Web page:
Science Fair Project Encyclopedia
Amateur astronomy, often called back yard astronomy, is a hobby whose participants enjoy observing celestial objects. It is usually associated with viewing the night sky when most celestial objects and events are visible, but sometimes amateur astronomers also operate during the day for events such as sunspots and solar eclipses.
Amateur astronomy and scientific research
Unlike professional astronomy, scientific research is not typically the main goal for most amateur astronomers. Work of scientific merit is certainly possible, however, and many amateurs contribute to the knowledge base of professional astronomers very successfully. Astronomy is often promoted as one of the few remaining sciences for which amateurs can still contribute useful data.
In particular, amateur astronomers often contribute toward activities such as monitoring the changes in brightness of variable stars, helping to track asteroids, and observing occultations to determine both the shape of asteroids and the shape of the terrain on the apparent edge of the Moon as seen from Earth.
In the past and present, amateur astronomers have also played a major role in discovering new comets. Recently however, funding of projects such as the Lincoln Near-Earth Asteroid Research and Near Earth Asteroid Tracking projects has meant that most comets are now discovered by automated systems, long before it is possible for amateurs to see them.
Societies for amateur astronomy
There are a large number of amateur astronomical societies around the world that serve as a meeting point for those interested in amateur astronomy, whether they be people who are actively interested in observing or "armchair astronomers" who may be simply interested in the topic. Societies range widely in their goals, depending on a variety of factors such as geographic spread, local circumstances, size and membership. For instance, a local society in the middle of a large city may have regular meetings with speakers, focusing less on observing the night sky if the membership is less able to observe due to factors such as light pollution.
It is common for local societies to hold regular meetings, which may include activities such as star parties. Other activities could include amateur telescope making, which was pioneered in America by Russell W. Porter, who later played a major role in design and construction of the Hale Telescope.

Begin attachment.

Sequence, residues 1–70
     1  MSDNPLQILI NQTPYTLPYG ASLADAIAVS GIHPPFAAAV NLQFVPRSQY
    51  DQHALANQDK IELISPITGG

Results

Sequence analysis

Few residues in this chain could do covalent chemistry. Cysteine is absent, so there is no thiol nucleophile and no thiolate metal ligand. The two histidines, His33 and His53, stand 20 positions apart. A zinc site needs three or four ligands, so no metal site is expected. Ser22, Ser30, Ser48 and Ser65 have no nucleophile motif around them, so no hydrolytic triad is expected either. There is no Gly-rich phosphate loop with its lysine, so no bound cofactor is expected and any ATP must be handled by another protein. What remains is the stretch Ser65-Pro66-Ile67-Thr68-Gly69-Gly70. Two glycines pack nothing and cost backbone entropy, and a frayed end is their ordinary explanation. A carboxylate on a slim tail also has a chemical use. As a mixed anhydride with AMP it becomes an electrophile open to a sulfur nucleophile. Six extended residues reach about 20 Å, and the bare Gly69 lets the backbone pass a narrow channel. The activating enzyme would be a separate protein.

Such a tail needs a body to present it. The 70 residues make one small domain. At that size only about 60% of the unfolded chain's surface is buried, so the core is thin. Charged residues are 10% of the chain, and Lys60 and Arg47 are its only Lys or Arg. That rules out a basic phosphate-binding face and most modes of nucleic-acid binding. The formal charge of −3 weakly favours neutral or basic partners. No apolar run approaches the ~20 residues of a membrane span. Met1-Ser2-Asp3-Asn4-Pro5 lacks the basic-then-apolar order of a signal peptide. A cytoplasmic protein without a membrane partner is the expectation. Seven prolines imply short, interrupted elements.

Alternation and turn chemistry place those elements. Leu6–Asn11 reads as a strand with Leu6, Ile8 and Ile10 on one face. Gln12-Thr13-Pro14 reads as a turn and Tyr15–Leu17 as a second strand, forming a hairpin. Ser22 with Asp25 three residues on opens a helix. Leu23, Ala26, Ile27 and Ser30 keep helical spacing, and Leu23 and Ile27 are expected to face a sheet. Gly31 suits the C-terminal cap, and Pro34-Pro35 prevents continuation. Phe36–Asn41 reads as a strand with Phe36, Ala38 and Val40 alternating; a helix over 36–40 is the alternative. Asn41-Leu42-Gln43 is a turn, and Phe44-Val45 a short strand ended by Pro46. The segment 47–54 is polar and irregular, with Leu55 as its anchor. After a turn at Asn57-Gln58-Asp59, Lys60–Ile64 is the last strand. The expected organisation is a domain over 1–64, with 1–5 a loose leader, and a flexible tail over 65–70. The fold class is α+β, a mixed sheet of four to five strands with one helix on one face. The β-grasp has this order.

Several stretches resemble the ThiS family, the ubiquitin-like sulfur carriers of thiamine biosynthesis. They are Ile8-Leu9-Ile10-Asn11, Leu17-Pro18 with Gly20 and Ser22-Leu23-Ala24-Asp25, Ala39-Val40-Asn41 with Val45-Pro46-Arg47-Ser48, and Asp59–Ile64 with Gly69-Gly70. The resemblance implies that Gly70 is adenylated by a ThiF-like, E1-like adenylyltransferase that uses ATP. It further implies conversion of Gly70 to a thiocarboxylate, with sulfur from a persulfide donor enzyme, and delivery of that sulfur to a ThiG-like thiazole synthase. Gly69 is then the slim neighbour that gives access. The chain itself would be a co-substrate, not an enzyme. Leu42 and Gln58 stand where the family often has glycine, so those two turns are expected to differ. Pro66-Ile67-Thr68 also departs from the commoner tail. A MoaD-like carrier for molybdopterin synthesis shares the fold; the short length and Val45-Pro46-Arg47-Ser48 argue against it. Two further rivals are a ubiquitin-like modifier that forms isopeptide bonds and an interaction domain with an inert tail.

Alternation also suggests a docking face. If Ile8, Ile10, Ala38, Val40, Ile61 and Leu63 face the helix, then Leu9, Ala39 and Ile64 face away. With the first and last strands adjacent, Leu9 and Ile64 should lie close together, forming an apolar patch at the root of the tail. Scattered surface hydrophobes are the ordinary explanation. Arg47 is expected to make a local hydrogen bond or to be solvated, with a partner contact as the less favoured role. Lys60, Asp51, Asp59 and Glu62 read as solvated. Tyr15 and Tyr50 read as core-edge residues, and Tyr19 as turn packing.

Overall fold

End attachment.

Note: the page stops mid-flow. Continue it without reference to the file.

Approaches to using amateur telescopes
Amateur telescopes come in many shapes and sizes, both commercial and home-built. The preferences of people who use them often differ.
Some amateur astronomers prefer to learn the sky as accurately as they can, using maps to find their way between the stars. In this case a common approach is to use binoculars or a manually driven telescope, combined with star maps, to locate items of interest in the sky. The normal technique for doing this, by locating landmark stars and "hopping" between them, is called star hopping.
More recently as technology has improved and prices have come down, automated "GOTO" telescopes have also become a popular choice. With these computer-driven telescopes, the user typically enters the name of the item they wish to look at, and the telescope finds it in the sky automatically with comparatively little further effort required by the user.
The main advantage of a "GOTO" telescope for an experienced amateur astronomer is the reduction of "wasted" time that may have otherwise been used in trying to find a particular object. This time can therefore be used more effectively for studying the object.
There is significant (though usually light-hearted) debate within the hobby about which method is better. Promoters of the star hopping approach for finding items in the sky usually argue that they know the sky much better as a result. The manual method also tends to require simpler equipment with less calibration and setup time, and is therefore more versatile. Promoters of "GOTO" telescopes often argue that they are more interested in studying objects, and the reward of finding them or learning exactly where they are is not as important to them.
Additional tools and activities
In addition to optical equipment, amateur astronomers use a variety of other tools such as warm clothes, maps, and computers loaded with specialised software. There is a range of astronomy software available, with the most widely appreciated being software that generates maps of the sky.
Some amateur astronomers also keep an observing log , in which they record details about what they have looked at and their impressions.
Beginning in amateur astronomy
There are a many ways for people to become involved in amateur astronomy and study the night sky. One option is to join a local astronomical society , the members of which will often be very happy to help a newcomer take a more active part. Some people also prefer to simply teach themselves, in which case there are likely to be a large amount of books in the local library.
Common objects that are observed early are the Moon and planets. Another thing that most newcomers to amateur astronomy become acquainted with are the more prominent constellations in the night sky. When reading maps and interpreting instructions for future star hopping, constellations are good starting points for identifying locations in the night sky. They are frequently referred to by amateur astronomers when discussing the location of items of interest when looked at with binoculars and telescopes.